With every General Election comes speculation that Westminster stalwarts and cabinet ministers might lose their seats, and this was no different.
But for some, last night brought a sigh of relief, as campaigners hoping they would be ousted were proved wrong.
For one Theresa May (remember her?) this was exactly what happened, as the former Prime Minister’s Maidenhead constituency voted her back in – but with a much smaller majority than last time.
May received 32,620 votes in Maidenhead, 57.7 per cent, as the Lib Dems beat Labour to second place, with just under a quarter of the vote.
She said: “At this election people were faced with a very clear choice about whether or not they wanted to ensure that Brexit was delivered and they knew that if a Conservative majority government got in that we would deliver Brexit.”
It seems strong and stable worked this time for the former PM – but some were run closer to the wire.
One such survivor was foreign secretary Dominic Raab, whose nerves will surely have been jangling over the last week amid predictions he would cave in to an Liberal Democrat insurgency.
But on the night the Lib Dems’ leader Jo Swinson lost her own seat, Raab held on to his own Esher and Walton constituency with 49 per cent of the vote share.
However, he only narrowly held off Liberal Democrat Monica Harding, who won 28,389 votes, with a 27.7 per cent swing in her favour.
As his narrow victory was announced, Raab described it as a “very difficult campaign”.
He added that the election “felt a little bit like a referendum because of the way the tactical voting went, but at the end of the day we secured half the vote share and that gives us a very strong mandate”.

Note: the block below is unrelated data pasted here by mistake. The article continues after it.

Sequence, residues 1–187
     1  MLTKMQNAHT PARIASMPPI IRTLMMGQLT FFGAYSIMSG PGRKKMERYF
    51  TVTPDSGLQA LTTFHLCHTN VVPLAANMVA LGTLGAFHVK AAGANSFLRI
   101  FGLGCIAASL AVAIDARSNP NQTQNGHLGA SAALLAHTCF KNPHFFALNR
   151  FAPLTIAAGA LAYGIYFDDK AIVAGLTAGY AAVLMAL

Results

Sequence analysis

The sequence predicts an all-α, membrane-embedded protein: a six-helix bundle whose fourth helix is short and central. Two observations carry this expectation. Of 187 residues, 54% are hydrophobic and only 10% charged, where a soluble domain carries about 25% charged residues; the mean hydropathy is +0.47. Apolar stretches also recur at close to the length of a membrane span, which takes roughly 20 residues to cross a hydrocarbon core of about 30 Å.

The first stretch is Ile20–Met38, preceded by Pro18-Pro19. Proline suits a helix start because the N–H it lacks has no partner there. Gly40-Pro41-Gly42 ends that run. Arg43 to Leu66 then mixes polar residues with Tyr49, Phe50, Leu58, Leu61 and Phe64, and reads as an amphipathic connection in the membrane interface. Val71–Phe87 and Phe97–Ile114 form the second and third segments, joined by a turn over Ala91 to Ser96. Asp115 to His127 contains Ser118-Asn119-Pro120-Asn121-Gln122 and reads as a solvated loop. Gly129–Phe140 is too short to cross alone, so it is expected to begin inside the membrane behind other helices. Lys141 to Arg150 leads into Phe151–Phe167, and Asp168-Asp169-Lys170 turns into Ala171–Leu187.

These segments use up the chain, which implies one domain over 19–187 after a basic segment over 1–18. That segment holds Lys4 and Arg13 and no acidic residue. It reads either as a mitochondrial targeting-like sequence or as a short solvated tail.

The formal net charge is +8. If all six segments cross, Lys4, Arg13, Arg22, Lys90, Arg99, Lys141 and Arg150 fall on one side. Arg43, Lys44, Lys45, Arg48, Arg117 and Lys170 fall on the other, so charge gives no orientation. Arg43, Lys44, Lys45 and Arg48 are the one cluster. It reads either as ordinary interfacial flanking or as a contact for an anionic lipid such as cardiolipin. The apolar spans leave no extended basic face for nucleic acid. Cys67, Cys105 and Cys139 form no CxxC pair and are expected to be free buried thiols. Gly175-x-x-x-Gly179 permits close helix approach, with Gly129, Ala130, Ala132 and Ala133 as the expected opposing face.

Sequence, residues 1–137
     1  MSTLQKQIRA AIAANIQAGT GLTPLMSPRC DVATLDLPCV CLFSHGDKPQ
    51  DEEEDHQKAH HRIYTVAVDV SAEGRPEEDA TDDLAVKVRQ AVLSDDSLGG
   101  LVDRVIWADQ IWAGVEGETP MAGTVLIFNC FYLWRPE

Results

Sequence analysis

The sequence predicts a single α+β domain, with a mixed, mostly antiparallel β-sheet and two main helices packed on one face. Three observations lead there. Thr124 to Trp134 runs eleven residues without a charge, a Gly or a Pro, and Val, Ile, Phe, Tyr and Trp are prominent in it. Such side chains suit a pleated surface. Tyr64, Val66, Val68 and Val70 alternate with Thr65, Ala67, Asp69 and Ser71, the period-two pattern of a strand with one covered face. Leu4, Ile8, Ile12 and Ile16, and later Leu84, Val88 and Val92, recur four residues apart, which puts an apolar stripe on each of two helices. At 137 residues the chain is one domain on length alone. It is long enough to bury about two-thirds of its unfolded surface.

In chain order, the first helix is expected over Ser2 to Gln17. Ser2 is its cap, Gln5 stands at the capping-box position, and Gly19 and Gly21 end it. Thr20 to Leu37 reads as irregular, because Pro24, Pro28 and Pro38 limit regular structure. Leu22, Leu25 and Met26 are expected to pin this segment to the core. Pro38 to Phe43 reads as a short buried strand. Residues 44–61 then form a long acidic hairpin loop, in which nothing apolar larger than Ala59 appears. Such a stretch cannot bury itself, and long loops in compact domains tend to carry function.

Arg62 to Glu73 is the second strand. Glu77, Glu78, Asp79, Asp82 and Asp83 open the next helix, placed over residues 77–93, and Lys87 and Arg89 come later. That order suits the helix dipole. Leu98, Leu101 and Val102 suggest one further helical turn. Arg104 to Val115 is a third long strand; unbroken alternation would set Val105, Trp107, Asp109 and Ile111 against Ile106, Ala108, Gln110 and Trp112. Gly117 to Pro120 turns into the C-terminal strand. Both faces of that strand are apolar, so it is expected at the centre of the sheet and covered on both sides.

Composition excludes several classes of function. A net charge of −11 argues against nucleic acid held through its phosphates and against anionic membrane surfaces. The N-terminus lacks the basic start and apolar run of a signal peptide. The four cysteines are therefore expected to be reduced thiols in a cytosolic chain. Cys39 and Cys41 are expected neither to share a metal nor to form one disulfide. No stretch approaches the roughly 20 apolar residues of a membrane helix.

Iain Duncan Smith
Labour threw everything at the former Tory leader’s Chingford and Woodford Green seat, amid speculation the Brexiteer could be booted out this time around.
But despite hundreds of activists pounding the pavement over the last week, Iain Duncan Smith narrowly made it across the line with 23,481 votes to Labour’s 22,419.
Faiza Shaheen, the Labour candidate, managed a 1.9 per cent swing in her favour, and won 45.9 per cent of the vote, but with few alternatives to Duncan Smith, it was not enough to take the seat (Lib Dem candidate Geoff Seeff won only 5.7 per cent of votes).
Read more: Boris Johnson delivers victory speech
Labour party co-chair and former miners’ union boss Ian Lavery was run close to the wire tonight, after enthusiastically supporting Jeremy Corbyn throughout his time as party leader.
But his Wansbeck constituency in Northumberland, a once-solid Labour constituency, very nearly kicked him out.
Lavery won a majority of 10,485 in 2017, but that was cut to just 814 this time around, meaning the traditional red seat will become a big target for the Tories in the next contest.
Let’s not forget the Prime Minister, who faced a concerted Labour effort to unseat him by Ali Milani.
The challenger even brought a bulldozer into the constituency at one stage, in an attempt to remind Johnson’s voters of his promise to lie in front of one so as to block a third runway at nearby Heathrow – a promise the PM has since reneged on.
But it was not enough on the night, with Johnson winning 25,351 votes to Milani’s 18,141.
After the result came in, Milani tweeted: “I’m sorry we couldn’t give you the result you deserved.
“To each and everyone of the activist who joined us on this journey: thank you so much.”
But for some, it wasn’t so lucky, with some major scalps falling last night including Lib Dem leader Jo Swinson, former London mayoral candidate Zac Goldsmith and DUP deputy leader Nigel Dodds all being unseated.